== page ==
In the opening to The Levelling, writer and director Hope Dickson Leach introduces us to what looks like a rural post-apocalypse. Under skies drained of their colour lie fields still soaked from a past deluge. The machines of industry sit discarded in yards or by the roadside, their hydraulic arms seized in position, curled inwards like the legs of dead spiders, the claws at the end of them crusted with old mud. Houses have fallen into disrepair; some of them may have been abandoned already. There is not a soul to be found.
Such is the scene that Clover (Ellie Kendrick) returns to after years away from the farm on which she grew up. She has spent that time pursuing a veterinary career and is nearly through college, but the awful news that her brother Harry (Joe Blakemore) has died brings her back home to her father, Aubrey (David Troughton).
This tragedy is only the catalyst for the conflict that drives the film. When Clover tells a friend that she wishes it was her father that died instead of her brother, it becomes clear that the reunion to come may not be a wholly comfortable one. The landscape around the farm has been devastated by floods, and her family is left equally wrecked by the death of the only member who had a chance of holding it together.
Ellie Kendrick is heart-breaking as Clover, a vulnerable yet headstrong young woman who wants nothing else but to be with her family, happy together. Guilt weighs heavy on her, as it does on many of the people connected to her brother’s death. But Clover buries it deep under a newfound sense of duty, as she tries to help her father turn around his struggling farm, and a stubborn reluctance to expose her true feelings about their relationship.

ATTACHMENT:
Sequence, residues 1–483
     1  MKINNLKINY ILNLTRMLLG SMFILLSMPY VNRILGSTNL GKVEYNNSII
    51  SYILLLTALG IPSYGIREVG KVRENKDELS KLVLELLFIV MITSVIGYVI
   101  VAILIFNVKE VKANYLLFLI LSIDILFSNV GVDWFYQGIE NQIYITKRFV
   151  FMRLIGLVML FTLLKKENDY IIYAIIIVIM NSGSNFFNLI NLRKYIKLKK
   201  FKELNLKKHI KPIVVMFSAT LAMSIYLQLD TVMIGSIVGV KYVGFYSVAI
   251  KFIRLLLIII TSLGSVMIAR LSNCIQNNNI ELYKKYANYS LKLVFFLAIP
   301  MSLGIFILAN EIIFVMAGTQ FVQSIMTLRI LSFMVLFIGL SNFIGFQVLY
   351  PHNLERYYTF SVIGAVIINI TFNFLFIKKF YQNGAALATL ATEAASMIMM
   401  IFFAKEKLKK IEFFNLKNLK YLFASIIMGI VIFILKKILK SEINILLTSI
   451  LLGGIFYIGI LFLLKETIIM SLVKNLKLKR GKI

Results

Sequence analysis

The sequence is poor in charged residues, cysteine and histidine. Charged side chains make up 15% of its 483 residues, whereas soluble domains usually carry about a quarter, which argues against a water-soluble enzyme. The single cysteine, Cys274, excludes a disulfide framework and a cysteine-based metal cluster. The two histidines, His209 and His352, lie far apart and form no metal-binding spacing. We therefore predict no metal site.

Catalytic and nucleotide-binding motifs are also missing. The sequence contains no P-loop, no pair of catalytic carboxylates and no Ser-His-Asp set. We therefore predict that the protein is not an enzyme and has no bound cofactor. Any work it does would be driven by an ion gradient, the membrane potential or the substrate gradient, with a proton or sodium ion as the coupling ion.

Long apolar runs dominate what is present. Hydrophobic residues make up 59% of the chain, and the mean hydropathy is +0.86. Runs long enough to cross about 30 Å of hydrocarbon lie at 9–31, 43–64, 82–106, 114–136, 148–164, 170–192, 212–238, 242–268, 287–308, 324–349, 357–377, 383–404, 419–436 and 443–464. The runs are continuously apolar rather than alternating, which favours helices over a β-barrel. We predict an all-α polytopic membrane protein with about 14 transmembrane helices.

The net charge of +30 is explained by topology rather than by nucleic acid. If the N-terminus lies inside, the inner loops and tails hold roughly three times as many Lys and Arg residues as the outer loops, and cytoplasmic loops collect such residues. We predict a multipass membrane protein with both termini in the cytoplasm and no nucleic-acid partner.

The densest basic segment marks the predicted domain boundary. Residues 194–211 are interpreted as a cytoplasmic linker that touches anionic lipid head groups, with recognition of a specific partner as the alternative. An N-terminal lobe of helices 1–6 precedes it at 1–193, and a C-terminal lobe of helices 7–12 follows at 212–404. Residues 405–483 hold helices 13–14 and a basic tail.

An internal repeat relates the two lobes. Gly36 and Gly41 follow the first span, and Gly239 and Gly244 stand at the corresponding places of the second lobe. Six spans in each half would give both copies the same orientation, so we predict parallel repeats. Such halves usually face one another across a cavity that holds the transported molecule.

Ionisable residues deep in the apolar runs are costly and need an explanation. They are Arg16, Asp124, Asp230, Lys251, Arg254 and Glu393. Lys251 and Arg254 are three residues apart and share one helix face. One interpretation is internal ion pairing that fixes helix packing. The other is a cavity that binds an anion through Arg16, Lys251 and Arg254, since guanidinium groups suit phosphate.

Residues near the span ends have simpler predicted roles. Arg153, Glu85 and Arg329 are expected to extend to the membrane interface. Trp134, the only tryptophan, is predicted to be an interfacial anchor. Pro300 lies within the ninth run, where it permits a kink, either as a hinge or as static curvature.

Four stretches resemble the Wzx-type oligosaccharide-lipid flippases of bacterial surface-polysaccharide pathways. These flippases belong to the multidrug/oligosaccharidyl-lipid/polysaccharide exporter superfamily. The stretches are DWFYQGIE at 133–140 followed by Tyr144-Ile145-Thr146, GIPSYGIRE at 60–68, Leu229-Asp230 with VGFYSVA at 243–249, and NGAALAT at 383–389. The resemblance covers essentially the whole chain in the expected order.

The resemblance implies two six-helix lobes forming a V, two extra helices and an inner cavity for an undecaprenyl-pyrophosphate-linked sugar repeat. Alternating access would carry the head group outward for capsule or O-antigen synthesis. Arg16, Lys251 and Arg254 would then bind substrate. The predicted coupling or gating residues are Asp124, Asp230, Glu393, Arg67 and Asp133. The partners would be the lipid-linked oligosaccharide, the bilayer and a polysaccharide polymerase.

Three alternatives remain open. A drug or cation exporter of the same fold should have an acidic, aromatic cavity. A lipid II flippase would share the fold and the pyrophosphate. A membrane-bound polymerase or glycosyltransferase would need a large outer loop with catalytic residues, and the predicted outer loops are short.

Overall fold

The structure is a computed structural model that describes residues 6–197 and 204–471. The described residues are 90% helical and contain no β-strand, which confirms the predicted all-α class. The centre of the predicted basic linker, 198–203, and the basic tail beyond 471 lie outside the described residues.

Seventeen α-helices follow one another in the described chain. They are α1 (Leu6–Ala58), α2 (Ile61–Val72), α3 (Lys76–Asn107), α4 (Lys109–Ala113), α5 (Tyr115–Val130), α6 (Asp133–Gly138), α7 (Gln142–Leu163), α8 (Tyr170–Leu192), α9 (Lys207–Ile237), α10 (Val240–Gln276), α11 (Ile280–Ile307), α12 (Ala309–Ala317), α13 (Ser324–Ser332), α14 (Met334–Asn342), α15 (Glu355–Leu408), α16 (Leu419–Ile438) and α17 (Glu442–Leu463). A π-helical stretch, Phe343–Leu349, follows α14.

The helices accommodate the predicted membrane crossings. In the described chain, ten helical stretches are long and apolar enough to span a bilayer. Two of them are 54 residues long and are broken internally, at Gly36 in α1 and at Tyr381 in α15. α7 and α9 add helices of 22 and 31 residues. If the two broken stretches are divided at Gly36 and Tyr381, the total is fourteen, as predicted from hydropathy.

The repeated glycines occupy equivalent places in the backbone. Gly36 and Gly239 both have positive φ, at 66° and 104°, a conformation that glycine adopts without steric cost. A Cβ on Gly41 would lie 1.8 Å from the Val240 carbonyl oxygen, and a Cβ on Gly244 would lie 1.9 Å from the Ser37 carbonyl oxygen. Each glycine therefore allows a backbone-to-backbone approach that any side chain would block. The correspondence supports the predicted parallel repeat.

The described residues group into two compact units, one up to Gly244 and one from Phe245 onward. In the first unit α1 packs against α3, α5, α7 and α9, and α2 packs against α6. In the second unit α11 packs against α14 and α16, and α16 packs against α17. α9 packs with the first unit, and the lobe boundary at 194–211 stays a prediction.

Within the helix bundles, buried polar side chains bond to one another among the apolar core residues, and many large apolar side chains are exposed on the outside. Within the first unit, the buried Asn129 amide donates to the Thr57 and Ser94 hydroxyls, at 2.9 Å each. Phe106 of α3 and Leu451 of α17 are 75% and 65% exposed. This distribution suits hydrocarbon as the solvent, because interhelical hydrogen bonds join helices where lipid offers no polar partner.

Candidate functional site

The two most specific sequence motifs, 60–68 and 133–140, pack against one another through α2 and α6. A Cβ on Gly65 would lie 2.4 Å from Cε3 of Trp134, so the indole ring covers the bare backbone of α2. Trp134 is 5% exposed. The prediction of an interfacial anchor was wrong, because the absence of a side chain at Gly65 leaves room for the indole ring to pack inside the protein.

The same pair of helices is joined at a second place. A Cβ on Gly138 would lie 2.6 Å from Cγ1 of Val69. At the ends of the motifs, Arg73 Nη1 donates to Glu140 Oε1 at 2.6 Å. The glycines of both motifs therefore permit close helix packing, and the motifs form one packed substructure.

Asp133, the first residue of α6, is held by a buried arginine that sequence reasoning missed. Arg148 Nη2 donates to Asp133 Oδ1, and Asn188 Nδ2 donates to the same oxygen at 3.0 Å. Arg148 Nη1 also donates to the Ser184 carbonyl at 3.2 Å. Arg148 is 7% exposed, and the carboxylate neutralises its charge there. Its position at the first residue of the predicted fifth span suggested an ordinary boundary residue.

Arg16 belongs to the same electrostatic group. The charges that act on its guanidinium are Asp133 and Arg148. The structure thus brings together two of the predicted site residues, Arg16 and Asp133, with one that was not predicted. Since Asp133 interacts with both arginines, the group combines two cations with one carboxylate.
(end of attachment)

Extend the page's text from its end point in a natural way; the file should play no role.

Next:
The frustrations that Clover and her father share – about the farm, which is in danger of going under in more ways than one, or about Harry’s death, or their own past – are articulated through some incredibly nuanced dialogue. Characters are evasive, skirting around the painful heart of their problems to instead just deal with practicalities in the aftermath, such as Harry’s funeral, or the sale of their cow herd, their last chance to save the farm.
Despite their best efforts, these characters expose their fragilities without meaning to. Clover responds to a suggestion that she feels some guilt over Harry’s death by saying, ‘I don’t feel guilty. I wasn’t even here.’ Not only does she feel some guilt, this suggests, but she unwittingly provides the reason why she does at the same time. It is only a moment in the film, easily missed, but it gives a clue to the conflict from which all the events it describes play out.
It is the strength of writing that carries The Levelling, and the force of its economy. Aubrey’s farm is a place filled with a fresh silence, where people repress their true feelings to get on with things, because they must. If they stop, they will seize up like the machines around them. It means, though, that the characters are incredibly cold. Even Clover is a distant figure at first, due to the barriers she has erected to protect herself. But her anguish trickles in as the circumstances of her brother’s death become clear, until she is pushed to a final, heart-breaking outpouring, when the floodgates are unlocked with one word: ‘Daddy.’
The Levelling is tender, sombre and wholly convincing in the way it describes the complex relationships that a parent shares with their child. The balance of responsibility constantly shifts, as does the need for one to care for the other. Despite the ruin of the countryside around them, it all feels so recognisable. It is real life, in all its muddy horror.
Country: United Kingdom Language: English Year: 2016 Director: Hope Dickson Leach Writer: Hope Dickson Leach Starring: Ellie Kendrick, David Troughton, Jack Holden Runtime: 83 minutes